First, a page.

Typical DMM controls and connections
The interfaces on the front of a digital multimeter are normally very straightforward. The basic digital multimeter will typically have a switch, display, and the connections for the test probes.
The main connection on a typical digital multimeter are given in the image and description below, but obviously the exact layout and capabilities will be dependent upon the particular test instrument in use.
- Display The display on a DMM is normally easy to see and read. Most have four digits, the first of which can often only be either a 0 or 1, and there will normally be a + / - indication as well. There may also be a few other smaller indicators such as AC / DC etc dependent upon the model of DMM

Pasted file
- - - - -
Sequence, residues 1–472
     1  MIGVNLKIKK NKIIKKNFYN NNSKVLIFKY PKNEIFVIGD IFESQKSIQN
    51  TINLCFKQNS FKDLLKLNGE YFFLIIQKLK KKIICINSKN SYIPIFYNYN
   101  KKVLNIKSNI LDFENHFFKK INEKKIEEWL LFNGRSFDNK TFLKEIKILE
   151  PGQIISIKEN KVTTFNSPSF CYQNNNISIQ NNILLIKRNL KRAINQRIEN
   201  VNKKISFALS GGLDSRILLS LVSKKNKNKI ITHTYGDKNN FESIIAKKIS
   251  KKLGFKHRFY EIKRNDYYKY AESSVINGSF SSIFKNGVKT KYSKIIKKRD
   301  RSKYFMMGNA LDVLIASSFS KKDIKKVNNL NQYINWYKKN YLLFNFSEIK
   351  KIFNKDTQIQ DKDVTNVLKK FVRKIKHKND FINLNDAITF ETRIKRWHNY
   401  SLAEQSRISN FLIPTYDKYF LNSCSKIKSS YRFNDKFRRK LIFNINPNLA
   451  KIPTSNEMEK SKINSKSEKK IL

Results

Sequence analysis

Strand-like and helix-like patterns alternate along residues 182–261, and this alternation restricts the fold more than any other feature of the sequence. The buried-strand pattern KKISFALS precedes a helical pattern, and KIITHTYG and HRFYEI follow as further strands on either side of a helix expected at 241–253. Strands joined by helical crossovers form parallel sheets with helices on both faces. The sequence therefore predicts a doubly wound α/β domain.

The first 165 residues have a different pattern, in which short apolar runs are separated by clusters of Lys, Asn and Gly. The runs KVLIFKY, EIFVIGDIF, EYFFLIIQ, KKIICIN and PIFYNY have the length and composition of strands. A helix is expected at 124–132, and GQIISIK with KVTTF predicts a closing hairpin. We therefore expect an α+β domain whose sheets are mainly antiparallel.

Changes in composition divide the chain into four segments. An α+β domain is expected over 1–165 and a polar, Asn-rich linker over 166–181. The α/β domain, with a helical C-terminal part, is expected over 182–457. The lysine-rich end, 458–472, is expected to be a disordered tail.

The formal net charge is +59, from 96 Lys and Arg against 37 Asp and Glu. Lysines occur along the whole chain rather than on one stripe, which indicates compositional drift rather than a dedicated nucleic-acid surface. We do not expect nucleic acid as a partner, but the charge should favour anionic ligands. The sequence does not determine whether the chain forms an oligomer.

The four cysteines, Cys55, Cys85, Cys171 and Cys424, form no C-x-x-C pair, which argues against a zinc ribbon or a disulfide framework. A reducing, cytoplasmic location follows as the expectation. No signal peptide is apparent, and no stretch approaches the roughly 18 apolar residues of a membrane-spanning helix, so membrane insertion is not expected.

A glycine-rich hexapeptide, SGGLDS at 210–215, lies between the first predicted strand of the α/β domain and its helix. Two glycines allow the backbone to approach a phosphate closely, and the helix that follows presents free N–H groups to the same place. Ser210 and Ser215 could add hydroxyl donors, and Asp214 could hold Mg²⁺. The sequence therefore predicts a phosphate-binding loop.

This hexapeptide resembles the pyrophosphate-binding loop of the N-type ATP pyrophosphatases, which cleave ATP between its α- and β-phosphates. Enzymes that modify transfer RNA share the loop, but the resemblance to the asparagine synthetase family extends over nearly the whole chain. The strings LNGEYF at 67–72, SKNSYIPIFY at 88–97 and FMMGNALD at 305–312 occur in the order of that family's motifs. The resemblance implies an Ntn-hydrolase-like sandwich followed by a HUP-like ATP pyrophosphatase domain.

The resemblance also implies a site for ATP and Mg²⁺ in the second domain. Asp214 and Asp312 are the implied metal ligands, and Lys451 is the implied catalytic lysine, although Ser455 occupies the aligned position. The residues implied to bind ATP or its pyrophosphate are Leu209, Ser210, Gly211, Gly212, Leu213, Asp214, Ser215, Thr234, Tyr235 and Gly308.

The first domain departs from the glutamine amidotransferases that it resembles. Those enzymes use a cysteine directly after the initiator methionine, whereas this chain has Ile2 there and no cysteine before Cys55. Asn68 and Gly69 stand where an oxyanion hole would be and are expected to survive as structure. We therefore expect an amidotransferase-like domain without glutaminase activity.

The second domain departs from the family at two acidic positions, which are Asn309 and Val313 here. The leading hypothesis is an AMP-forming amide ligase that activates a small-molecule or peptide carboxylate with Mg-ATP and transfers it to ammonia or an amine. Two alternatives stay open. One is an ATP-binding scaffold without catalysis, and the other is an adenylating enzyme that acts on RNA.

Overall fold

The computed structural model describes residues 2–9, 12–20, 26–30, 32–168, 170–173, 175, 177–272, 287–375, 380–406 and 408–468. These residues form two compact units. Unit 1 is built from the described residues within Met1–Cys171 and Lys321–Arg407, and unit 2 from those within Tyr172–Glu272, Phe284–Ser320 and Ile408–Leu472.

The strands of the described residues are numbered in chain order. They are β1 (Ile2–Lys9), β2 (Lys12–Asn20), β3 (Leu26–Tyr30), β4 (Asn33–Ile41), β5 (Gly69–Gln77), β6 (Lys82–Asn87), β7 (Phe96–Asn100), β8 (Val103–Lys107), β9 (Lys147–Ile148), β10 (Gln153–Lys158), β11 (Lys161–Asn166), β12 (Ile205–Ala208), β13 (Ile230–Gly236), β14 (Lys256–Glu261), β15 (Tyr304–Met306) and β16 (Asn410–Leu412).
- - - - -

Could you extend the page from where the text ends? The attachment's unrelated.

- Main connections There will be some main connections for the probes to connect to. Although only two are needed at any one time, there may be three or four. Typically these may be:
- Common - for use with all measurements and this will take the negative or black lead and probe
- Volts, ohms, frequency - this connection is used for most measurements and will take the positive or red lead and probe.
- Amps and milliamps - this connection is used for the current measurements and will again take the red lead and probe.
- High current - there is often a separate connection for high current measurements. Care must be taken to use this rather than the low current connection if high levels of current are anticipated
- Main switch There will usually be a single main rotary switch to select the type of measurement to be made and the range that is needed.